Saturday, September 24, 2011
A (somewhat) Mini-Review of Drive.
Keep meaning to write a review for the book Drive - The Surprising Truth About What Motivates Us by Daniel Pink, but have not yet gotten to it. So, here's a mini review:
• Raman Chadha, the Executive Director & Clinical Professor of DePaul University's Coleman Entrepreneurship Center, turned me on to it. If you knew Raman, this would be reason enough to read it.
• It uses quantitative data and studies to support its ideas, not anecdotal ideas. (It's not a another insipid business parable, thank God!) Another good reason.
• I have often thought the carrot&stick approach was either ineffective or outdated and this book provides a strong argument to that effect. Again, using studies for comparison.
• My biggest problem with carrot and stick is that it provides rewards (or rapped knuckles) at the end of the process, which is often at the end of a fiscal year. Yes, I know you can reward/punish sooner, but this is still too late for marketing and business development. "He failed, so we will ding his annual bonus." "But I want him to do better now, not feel pain at the end of the year." (Also, too many bosses let them off the hook at the end of the year or the people do not think it'll stick, so they bet on not actually having to pay for their failure.)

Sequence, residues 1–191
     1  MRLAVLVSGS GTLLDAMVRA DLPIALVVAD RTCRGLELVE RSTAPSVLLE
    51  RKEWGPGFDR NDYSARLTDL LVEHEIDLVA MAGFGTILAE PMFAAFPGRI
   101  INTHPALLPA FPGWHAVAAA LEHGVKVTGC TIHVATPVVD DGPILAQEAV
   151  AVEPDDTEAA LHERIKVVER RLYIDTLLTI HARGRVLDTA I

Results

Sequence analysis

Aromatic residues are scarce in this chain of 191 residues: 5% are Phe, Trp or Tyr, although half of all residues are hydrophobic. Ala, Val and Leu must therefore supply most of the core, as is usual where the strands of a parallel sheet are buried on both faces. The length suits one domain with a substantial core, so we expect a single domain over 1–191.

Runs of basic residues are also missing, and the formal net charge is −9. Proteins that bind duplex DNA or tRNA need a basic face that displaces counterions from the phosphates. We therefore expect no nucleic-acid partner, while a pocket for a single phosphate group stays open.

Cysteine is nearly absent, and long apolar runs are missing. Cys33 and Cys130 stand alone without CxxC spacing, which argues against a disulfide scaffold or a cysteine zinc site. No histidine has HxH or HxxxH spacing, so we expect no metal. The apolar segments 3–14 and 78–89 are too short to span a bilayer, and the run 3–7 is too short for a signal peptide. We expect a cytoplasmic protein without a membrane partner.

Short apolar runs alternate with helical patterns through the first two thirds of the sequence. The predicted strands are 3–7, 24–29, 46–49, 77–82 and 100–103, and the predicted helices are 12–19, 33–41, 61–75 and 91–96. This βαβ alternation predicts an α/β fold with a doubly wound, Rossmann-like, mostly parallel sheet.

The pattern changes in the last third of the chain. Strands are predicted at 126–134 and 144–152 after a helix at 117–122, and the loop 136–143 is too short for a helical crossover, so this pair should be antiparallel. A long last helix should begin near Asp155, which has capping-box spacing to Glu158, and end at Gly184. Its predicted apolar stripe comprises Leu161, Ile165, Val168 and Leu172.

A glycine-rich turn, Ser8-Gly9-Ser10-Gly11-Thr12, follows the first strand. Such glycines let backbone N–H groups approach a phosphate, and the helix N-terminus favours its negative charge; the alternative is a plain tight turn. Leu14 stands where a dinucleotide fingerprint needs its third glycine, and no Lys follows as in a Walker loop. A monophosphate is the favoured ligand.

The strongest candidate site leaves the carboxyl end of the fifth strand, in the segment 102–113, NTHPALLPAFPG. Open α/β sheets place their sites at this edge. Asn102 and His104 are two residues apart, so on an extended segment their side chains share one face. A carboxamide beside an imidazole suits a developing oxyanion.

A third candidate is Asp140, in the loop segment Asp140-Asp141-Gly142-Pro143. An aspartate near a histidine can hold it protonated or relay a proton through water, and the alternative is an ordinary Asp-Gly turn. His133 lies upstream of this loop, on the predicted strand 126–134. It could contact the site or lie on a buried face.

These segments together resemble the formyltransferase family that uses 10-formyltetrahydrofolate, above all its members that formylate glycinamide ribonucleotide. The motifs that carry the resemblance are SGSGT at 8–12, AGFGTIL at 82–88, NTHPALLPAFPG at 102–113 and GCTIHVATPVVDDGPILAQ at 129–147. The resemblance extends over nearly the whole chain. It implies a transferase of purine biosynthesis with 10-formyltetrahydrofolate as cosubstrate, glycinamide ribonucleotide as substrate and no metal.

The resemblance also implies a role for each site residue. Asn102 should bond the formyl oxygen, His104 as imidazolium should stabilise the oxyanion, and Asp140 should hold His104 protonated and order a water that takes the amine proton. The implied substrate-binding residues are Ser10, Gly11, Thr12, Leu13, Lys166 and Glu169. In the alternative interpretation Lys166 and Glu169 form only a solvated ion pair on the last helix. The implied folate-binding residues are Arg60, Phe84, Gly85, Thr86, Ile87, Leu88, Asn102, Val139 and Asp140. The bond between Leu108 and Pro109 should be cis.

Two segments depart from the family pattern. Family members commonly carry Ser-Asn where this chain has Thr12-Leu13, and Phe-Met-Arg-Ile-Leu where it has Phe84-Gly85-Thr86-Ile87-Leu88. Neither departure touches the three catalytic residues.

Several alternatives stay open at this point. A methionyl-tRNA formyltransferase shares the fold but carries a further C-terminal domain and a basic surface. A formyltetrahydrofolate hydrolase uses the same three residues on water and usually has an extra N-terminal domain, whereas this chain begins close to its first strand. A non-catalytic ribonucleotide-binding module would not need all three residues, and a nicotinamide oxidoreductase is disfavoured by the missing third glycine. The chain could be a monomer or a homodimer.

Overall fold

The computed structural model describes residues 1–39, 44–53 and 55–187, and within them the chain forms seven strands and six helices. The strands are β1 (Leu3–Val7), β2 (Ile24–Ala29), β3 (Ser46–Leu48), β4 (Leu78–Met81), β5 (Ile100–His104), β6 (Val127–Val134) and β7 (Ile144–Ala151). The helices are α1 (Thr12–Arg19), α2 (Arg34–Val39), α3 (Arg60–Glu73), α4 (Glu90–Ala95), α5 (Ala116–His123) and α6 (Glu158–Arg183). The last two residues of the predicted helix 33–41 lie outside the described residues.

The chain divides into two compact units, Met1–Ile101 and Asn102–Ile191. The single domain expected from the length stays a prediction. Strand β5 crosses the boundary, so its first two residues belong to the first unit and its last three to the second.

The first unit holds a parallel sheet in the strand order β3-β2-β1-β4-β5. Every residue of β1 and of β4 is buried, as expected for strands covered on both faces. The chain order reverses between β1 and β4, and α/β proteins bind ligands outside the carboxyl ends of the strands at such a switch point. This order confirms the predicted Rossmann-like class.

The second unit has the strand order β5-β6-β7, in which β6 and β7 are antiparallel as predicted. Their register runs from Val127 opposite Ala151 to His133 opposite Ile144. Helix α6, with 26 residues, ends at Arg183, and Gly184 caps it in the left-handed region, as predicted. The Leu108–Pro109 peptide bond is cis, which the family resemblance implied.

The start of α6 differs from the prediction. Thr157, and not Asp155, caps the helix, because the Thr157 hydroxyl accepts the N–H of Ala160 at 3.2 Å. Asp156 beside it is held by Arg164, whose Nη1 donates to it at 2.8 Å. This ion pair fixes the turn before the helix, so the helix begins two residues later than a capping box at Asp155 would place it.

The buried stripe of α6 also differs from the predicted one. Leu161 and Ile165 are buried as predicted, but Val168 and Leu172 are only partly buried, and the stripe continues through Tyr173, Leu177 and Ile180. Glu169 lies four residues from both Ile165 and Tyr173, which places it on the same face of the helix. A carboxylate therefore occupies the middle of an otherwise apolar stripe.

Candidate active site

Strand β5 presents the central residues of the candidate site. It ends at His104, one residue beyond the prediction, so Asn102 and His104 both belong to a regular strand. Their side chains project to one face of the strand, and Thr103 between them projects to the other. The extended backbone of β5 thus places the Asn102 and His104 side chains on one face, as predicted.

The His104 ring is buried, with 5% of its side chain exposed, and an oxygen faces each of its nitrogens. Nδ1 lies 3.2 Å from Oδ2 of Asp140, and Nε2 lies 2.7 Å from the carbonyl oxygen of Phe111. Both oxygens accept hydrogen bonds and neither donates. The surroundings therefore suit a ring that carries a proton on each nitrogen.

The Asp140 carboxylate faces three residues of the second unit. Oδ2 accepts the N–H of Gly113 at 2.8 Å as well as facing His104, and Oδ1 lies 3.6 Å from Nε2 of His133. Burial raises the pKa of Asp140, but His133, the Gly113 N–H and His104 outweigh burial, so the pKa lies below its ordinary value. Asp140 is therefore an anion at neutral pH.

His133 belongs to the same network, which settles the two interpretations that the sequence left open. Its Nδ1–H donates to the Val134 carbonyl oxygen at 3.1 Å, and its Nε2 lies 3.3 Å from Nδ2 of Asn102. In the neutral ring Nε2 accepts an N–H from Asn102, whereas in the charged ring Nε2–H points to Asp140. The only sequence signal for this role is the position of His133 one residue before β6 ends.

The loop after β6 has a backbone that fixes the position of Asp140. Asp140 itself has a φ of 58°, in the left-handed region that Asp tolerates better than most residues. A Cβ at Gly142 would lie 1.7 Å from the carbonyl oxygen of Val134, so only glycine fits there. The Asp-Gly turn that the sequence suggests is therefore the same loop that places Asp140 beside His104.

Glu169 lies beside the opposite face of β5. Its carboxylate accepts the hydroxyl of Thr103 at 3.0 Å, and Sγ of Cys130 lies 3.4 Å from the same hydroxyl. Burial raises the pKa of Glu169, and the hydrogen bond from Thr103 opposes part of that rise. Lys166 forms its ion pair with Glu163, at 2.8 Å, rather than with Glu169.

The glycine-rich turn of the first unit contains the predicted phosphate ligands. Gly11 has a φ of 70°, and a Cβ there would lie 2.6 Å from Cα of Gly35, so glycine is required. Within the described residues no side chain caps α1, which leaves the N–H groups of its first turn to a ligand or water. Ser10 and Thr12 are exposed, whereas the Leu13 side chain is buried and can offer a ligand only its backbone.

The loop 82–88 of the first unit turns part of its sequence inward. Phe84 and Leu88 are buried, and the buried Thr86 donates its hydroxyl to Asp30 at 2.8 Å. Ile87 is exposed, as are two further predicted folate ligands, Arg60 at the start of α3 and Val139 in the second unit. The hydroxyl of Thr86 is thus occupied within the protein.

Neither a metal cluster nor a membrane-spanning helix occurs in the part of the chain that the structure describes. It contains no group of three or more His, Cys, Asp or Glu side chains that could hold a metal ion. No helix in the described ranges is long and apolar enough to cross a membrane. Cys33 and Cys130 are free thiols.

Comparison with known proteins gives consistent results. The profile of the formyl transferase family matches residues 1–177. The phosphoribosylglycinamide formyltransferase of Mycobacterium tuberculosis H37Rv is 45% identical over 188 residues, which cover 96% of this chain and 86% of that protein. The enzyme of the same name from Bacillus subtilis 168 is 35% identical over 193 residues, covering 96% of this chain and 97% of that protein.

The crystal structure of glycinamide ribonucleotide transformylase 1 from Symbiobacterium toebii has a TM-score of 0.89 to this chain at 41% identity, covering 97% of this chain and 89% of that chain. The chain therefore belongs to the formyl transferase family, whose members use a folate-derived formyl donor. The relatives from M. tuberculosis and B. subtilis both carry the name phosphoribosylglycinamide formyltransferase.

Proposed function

• A carrot or a stick provides a "cost" for action or inaction. Too many people will pay this cost. And this cost is variable, since people value money differently. What I like about Drive is that it explores this "failure payment" idea.
• My last issue with carrot & stick motivation is the amount of effort is takes to create and track that effort vs. creating and tracking the desired process and outcome.
• Drive explores just how much money motivates action. And how much people "game" the system to get the money without actually performing the desired action. Certainly not performing it in any sustainable manner. More importantly, it goes down the path of what you can (and should) do instead.
In short: if any of this makes you curious ... read Drive, the book.
Ten Easy Ways to Improve Your Website And Bring in More Customers.
Co-wrote this article with WSI. Pretty basic stuff, but that was the intended audience. I welcome any comments.